Lacking Congressional action within days, railroads will be notifying their shippers and commuter railroads will tell their passengers that services will be suspended at the end of the year. Inaction by lawmakers to grant an extension for railroads to complete a federally mandated program called Positive Train Control will result in major disruptions to the nation's economy according to the Association of American Railroads. The AAR indicates that freight will fail to reach customers, millions of commuters will be stranded and the economy will take a $30 billion dollar hit.
Politico Morning Transportation reports that House lawmakers return this week to vote on a 22-day short term extension for transportation projects. The patch has one potential poison pill and that's a PTC extension.
The measure T&I Chairman Bill Shuster laid out Friday night includes language that would give railroads until 2018 to implement positive train control technology. Senator Barbara Boxer has vowed to block any short-term transportation bill that kicks the PTC mandate further into the future. An aide for Boxer said she believes that to place a three- to five-year PTC delay on a very short-term transportation bill extension is a special interest earmark, and she does not stand alone in this view.
Texas would be especially hard hit with any delay in a Positive Train Control extension. Regional passenger railroads such as the Trinity Railway Express will not be PTC compliant by the end of December. DART spokesperson Morgan Lyons told Texas Rail Advocates that the TRE is required to hold a public hearing ahead of any change or termination of service. That hearing is scheduled for November 17 if Congress drags its feet. Lyons indicated that a potential shut down of Dallas to Fort Worth passenger rail service could shift train riders to buses.
Austin's MetroRail and Amtrak Texas passenger rail service would also be subject to a shut down.
Local DART light rail service and Houston Metro light rail would not be affected.
As we reported previously, petrochemical industries on the Texas Gulf Coast to agriculture interests throughout the state dependent on continued shipments of commodities would have to shift to thousands of trucks to carry their loads. As would cities that are dependent on chemicals received by railroad tank cars to purify drinking water, putting stress on roads and creating even more traffic congestion. Even without Congress' action, the nation's top freight railroads say they need anywhere from two to five more years to install the multibillion-dollar safety technology, the Government Accountability Office reported last month. A few commuter rail systems told the GAO they have no idea when they could finish the job.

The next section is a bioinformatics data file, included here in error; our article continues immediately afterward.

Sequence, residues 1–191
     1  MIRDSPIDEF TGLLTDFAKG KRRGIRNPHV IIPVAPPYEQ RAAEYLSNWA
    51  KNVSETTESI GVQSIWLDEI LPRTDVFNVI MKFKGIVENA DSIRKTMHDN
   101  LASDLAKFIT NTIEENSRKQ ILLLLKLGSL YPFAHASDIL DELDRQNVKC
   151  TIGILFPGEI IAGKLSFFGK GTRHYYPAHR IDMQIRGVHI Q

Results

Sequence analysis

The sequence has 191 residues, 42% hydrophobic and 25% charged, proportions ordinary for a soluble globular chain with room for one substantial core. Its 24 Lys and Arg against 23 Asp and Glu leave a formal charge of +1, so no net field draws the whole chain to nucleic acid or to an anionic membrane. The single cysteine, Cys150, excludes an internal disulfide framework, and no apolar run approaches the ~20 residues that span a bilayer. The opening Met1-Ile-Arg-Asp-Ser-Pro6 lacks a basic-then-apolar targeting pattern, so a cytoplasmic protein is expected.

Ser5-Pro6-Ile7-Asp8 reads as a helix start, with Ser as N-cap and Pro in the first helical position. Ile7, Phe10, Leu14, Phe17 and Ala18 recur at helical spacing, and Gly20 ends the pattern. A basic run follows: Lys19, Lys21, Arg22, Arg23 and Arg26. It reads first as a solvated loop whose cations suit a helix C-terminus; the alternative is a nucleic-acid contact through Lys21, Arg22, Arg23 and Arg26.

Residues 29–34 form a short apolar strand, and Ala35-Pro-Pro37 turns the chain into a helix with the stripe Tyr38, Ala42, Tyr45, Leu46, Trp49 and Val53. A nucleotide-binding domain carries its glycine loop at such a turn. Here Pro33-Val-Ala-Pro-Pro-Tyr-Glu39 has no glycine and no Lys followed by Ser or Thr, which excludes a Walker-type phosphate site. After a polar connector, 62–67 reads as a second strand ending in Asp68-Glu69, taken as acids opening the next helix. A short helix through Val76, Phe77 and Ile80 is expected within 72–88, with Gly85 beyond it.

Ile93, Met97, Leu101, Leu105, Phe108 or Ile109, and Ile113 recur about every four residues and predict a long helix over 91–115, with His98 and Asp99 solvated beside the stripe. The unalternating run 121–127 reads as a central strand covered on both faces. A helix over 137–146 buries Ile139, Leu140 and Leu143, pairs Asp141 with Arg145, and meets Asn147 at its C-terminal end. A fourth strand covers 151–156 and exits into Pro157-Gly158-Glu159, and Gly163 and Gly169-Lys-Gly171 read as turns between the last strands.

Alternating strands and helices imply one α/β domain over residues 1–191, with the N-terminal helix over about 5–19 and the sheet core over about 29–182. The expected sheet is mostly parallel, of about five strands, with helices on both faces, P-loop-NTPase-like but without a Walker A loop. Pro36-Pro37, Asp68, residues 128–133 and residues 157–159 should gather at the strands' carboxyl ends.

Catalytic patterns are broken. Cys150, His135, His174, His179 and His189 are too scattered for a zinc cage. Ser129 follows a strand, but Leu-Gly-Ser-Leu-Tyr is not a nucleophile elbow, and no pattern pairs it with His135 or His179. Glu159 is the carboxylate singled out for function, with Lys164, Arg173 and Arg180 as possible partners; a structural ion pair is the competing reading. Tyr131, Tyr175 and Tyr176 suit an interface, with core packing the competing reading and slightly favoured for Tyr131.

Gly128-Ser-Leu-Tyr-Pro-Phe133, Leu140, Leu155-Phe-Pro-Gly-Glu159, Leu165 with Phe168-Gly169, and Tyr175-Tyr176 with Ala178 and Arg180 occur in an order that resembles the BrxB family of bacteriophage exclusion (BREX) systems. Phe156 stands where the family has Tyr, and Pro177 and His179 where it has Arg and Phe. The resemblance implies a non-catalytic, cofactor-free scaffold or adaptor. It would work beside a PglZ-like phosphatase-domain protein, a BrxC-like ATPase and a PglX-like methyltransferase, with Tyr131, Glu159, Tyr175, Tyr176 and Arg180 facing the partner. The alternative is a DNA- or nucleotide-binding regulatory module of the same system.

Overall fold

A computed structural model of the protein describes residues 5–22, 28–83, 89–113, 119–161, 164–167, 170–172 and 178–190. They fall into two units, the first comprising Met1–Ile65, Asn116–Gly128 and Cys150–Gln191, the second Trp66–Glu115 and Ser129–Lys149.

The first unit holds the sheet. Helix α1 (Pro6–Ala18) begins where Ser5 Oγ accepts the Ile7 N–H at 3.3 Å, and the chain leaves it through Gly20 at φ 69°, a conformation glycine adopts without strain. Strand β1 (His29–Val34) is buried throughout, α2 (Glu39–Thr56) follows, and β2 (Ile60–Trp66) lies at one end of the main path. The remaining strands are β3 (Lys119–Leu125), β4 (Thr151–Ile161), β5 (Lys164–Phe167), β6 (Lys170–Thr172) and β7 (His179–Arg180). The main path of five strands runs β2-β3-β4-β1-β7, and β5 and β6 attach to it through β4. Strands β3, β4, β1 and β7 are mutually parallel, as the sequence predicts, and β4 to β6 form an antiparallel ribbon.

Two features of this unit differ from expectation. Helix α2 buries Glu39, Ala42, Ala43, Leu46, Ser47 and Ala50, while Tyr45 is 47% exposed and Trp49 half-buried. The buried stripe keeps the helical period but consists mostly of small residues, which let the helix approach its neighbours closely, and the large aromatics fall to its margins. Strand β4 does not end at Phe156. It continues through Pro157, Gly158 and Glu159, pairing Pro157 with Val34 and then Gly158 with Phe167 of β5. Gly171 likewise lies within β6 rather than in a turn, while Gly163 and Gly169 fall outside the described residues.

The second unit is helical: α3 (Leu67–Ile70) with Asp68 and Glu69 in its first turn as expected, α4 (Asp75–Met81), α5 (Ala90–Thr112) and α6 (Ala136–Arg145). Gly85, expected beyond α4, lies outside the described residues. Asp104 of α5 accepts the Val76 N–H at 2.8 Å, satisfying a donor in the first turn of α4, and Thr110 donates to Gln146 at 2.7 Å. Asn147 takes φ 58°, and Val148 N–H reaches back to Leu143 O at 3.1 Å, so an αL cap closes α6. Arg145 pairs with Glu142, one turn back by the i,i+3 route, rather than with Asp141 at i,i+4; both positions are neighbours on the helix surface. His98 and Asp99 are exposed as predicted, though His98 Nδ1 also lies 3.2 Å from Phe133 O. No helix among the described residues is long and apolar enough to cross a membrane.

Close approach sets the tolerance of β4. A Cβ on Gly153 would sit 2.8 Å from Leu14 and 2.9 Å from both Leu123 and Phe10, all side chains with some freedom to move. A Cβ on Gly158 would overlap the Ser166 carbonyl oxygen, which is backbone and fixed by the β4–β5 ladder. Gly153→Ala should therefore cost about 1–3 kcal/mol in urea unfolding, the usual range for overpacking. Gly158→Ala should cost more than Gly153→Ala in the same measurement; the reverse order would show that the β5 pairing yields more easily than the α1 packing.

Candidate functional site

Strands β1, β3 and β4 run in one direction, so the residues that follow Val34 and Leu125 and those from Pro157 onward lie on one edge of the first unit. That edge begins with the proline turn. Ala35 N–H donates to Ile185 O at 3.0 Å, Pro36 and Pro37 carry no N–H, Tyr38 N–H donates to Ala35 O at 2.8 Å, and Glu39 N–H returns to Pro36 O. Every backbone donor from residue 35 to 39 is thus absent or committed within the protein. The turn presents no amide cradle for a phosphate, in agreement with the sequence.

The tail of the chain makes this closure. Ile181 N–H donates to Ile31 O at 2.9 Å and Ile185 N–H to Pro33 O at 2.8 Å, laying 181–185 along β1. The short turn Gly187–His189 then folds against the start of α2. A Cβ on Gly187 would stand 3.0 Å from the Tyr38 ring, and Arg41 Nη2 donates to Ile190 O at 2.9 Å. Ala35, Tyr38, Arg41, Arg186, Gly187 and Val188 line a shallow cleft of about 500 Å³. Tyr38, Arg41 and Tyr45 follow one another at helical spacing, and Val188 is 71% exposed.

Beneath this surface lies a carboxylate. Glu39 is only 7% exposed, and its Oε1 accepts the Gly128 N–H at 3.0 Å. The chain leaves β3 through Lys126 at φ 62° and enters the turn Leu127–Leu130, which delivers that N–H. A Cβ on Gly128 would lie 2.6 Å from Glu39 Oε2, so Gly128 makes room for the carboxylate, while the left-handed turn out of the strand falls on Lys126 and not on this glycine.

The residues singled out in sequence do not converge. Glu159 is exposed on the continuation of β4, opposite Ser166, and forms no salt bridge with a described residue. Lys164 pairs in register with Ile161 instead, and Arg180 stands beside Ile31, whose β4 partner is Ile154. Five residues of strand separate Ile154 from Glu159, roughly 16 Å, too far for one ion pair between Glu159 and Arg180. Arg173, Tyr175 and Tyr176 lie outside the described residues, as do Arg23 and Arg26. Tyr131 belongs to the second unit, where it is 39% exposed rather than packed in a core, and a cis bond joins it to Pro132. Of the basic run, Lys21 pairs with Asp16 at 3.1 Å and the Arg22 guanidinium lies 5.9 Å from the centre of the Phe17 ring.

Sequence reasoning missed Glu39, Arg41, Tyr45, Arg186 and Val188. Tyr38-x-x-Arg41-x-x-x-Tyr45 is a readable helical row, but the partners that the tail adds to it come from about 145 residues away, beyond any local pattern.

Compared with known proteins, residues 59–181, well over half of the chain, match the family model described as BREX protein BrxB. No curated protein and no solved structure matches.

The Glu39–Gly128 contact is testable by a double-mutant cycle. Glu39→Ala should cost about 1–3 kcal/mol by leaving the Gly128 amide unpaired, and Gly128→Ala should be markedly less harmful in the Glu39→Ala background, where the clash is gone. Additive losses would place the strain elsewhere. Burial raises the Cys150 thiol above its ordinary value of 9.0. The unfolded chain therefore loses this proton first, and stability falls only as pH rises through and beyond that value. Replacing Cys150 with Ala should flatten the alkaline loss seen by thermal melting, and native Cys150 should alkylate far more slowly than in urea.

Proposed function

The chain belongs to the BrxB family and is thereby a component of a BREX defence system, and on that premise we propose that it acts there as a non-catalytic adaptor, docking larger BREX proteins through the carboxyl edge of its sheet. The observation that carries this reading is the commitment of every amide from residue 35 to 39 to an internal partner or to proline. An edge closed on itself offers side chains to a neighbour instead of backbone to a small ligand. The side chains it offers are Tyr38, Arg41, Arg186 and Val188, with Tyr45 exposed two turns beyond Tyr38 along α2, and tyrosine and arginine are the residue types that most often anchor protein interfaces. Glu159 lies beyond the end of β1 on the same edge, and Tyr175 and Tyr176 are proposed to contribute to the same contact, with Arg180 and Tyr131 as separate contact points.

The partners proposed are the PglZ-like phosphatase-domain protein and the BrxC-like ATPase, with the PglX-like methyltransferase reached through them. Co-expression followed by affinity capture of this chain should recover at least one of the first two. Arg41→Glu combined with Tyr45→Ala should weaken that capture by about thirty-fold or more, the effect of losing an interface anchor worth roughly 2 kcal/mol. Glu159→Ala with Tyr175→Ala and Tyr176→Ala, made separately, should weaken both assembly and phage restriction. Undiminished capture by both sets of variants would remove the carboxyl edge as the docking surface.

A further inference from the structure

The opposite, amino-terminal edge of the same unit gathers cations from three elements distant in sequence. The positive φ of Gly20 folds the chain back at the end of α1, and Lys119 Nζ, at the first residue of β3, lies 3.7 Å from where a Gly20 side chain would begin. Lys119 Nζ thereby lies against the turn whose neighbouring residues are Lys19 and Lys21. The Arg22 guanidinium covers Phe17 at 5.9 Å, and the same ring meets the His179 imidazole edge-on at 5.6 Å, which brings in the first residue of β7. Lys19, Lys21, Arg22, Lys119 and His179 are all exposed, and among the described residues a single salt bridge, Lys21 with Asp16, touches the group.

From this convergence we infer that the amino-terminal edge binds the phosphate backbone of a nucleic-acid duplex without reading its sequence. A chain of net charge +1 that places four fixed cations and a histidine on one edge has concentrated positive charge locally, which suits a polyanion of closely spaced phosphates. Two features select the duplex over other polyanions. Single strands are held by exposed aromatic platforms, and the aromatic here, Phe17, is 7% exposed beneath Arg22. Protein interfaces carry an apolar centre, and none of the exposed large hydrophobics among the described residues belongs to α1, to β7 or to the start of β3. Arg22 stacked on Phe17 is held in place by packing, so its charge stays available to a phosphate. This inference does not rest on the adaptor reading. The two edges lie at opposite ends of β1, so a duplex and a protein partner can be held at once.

Industry organization such as GoRail are urging the public to tell their elected officials to approve a PTC extension quickly: http://gorail.force.com/action/gorailtakeaction?actionid=AR0000017
More than 100 oil, gas, coal, farming, manufacturing, retail and other business groups are also urging lawmakers to postpone the mandate, as are the U.S. Conference of Mayors, local transit agencies, newspaper editorials, more than 150 House members and nearly half the Senate."
The nation's four largest railroads — BNSF, CSX, Union Pacific and Norfolk Southern — have said they could face millions of dollars in fines and would risk lawsuits if they continue transporting hazardous cargo without the safety systems in place after the deadline passes.
The scope of the rail traffic at stake in the debate is huge. Trains shipped more than 300 million tons of grains, oil seeds and other agricultural commodities last year as well as 80 tons of anhydrous ammonia, a key component of fertilizer. Coal wouldn’t be able to move across the country to states needing it for power production, the railroads and their supporters say. Neither, they contend, would chemicals used for more than 96 percent of manufactured goods.